Music legend Bob Dylan was picked up for vagrancy by a policewoman in Long Branch, New Jersey, one recent rainy night, because she took the soaking-wet guy black sweatpants, rain boots, two raincoats, with a hood pulled over his head to be a crazy homeless man. He had no ID and was insisting he was in town to perform with Willie Nelson and John Mellencamp. Obviously delusional.
But Bob Dylan, it turns out, is a serious music historian who likes to prowl around incognito where rock musicians from the ’60s and ’70s grew up or wrote songs. Last November, a married couple in Winnipeg were surprised to find him waiting on their doorstep when they came home from shopping; Neil Young had grown up in their house. In May, Dylan paid $20 to join the tourists nosing around John Lennon’s childhood home in Liverpool. And when Officer Kristie Buble picked him up that night in Long Branch, he’d simply been “on a walk” in search of the house where Bruce Springsteen had written “Born to Run” and “Thunder Road.”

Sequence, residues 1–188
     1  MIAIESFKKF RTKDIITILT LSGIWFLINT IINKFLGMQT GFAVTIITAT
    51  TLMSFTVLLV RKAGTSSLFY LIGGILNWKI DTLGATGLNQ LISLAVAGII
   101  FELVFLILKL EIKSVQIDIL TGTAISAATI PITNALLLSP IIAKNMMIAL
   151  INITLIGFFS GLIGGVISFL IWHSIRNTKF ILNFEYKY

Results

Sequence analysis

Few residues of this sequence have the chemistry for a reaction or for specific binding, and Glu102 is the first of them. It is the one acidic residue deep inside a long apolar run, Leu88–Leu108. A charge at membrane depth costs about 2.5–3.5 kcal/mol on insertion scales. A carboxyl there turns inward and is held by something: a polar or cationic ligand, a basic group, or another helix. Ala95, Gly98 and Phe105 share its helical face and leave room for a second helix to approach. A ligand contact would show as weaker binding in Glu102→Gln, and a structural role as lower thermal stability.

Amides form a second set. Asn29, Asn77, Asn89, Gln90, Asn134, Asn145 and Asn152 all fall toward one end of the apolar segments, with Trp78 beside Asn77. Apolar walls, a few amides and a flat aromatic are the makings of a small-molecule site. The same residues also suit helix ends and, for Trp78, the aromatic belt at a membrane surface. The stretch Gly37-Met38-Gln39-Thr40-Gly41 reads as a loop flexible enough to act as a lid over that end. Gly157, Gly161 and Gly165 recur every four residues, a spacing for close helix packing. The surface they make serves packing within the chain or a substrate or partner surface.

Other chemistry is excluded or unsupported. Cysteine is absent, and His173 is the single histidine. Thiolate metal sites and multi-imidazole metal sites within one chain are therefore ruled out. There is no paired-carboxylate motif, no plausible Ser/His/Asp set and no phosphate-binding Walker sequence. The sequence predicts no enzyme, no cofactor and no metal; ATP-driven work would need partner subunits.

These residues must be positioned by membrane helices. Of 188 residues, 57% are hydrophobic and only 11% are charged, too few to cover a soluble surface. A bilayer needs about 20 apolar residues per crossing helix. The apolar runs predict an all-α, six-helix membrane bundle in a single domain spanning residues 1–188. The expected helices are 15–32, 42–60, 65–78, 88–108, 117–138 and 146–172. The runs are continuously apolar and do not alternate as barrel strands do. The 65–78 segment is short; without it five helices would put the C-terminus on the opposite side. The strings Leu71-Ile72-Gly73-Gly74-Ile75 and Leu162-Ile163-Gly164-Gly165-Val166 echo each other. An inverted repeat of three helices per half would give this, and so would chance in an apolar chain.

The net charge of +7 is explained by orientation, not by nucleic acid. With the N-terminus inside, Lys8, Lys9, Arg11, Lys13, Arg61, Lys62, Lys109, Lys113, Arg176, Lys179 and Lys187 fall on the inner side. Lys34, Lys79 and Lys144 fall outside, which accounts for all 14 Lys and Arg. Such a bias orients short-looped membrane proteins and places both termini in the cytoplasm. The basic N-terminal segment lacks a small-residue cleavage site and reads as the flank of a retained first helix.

Eventually, Dylan was driven to his hotel in a patrol car and his manager showed cops his passport. “I’ve seen pictures of Bob Dylan from a long time ago,” said Buble, “and he didn’t look like Bob Dylan to me at all.” Dylan historian Jonathan Cott explains that “Dylan is Dylan. He’s a very protean character. He shapes himself a lot, he’s like a shape-shifter. He goes from one identity to another. He’s consciously that way and he’s always been that way.”